BigRed: Okay, an example: My old roomie Daniel edited Matrix 2 for me and put it on DVD. So I own the original disc and the edited one. That's legal right?

LawDude: Nope. In two different ways it is not. First, you own a copy on another disc--that isn't so legal. Second, you edited the movie, which is illegal as well.

BigRed: Hm. I didn't know the second one at all. Even though it's for personal use? There are no other copies of my edit.

LawDude: Yeah, that's the one that the US just "adopted" as such. It's called author's rights

BigRed: Which supersedes owner's rights apparently.

LawDude: Artists rights. I can't remember the first word. Something like that.

BigRed: Okay.

LawDude: And yes they do, according to the courts now and according to European courts for a while. The problem is this…

BigRed: So, for example, if I bought a painting of yours... and then I decided to add a moustache to the picture... that would be breaking the law?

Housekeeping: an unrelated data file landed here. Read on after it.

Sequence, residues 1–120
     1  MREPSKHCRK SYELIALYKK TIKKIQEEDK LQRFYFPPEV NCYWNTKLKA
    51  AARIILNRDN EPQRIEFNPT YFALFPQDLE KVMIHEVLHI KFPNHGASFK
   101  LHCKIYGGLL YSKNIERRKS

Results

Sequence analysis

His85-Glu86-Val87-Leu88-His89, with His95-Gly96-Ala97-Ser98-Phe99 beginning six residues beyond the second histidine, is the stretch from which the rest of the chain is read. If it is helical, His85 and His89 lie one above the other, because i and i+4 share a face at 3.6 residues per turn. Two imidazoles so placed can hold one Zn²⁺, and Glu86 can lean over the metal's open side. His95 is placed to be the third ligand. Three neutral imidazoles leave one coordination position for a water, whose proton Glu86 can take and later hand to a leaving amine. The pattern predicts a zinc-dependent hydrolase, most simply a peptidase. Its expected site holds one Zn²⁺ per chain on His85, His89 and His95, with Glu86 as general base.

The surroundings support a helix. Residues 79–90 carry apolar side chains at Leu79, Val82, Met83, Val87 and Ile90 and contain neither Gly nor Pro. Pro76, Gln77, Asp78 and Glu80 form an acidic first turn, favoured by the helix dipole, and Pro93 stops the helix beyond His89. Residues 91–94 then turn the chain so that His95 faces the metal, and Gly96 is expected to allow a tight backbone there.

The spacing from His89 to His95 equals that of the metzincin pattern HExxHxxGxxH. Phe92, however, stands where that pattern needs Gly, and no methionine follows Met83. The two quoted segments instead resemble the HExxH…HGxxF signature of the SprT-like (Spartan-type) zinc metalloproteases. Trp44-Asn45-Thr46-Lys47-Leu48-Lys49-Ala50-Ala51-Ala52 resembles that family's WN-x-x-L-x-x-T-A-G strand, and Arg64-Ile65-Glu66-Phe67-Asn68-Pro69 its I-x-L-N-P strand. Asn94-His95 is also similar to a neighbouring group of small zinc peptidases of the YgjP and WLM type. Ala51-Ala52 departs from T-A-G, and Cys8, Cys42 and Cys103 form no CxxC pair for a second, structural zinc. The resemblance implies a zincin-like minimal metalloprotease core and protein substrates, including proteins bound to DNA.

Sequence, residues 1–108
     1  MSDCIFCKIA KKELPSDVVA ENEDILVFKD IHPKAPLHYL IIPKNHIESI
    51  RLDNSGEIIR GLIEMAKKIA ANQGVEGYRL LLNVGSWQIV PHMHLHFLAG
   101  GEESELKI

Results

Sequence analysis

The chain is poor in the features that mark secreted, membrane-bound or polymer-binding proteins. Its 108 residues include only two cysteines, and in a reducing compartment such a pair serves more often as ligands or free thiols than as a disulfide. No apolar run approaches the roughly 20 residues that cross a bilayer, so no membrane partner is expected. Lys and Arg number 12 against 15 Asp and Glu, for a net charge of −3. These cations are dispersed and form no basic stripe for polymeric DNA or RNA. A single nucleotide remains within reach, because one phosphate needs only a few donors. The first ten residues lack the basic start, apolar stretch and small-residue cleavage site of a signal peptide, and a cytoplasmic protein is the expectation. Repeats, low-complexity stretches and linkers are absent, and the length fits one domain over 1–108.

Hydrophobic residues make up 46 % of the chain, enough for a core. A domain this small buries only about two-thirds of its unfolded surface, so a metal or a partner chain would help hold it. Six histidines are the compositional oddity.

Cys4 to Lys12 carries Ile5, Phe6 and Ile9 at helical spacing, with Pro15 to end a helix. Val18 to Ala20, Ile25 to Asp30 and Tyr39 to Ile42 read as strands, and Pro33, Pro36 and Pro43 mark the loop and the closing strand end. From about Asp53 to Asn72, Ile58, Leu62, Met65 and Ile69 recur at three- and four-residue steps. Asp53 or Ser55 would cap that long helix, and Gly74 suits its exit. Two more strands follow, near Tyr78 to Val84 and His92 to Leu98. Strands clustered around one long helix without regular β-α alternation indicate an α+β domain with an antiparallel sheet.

LawDude: Yes.

BigRed: That's a really strict law.

LawDude: Most of the time, the US hasn't been a big fan of them. We usually like individual rights more. That is why it is surprising that the courts came down this way.

BigRed: Politics.

LawDude: The argument is this: Let's say you buy the Mona Lisa and put a mustache on her… him. lol

BigRed: Right. lol

LawDude: And say, look at my ‘Da Vinci’ and Da Vinci assuming he was alive… Moral Rights! (that's what it is I think) …comes along and says, “I DIDN'T PAINT THAT!” and is furious that you added such disdain to his beautiful masterpiece and goes to the court for you to either remove the mustache and/or repair the "loss" to his reputation.

BigRed: Okay. So I was totally wrong about the reasoning behind the CleanFlicks case.

LawDude: I dunno, depends on what your reasoning was

BigRed: I thought Hollywood was upset with CF because they edited movies and by doing so made many copies of the edit and then was making money off those. Many rentals from one DVD.

LawDude: Nope. All the movies were legit.

BigRed: Well, I'm pretty sure that they bought one DVD... edited it, and then rented many copies of the one. I would guess that's illegal.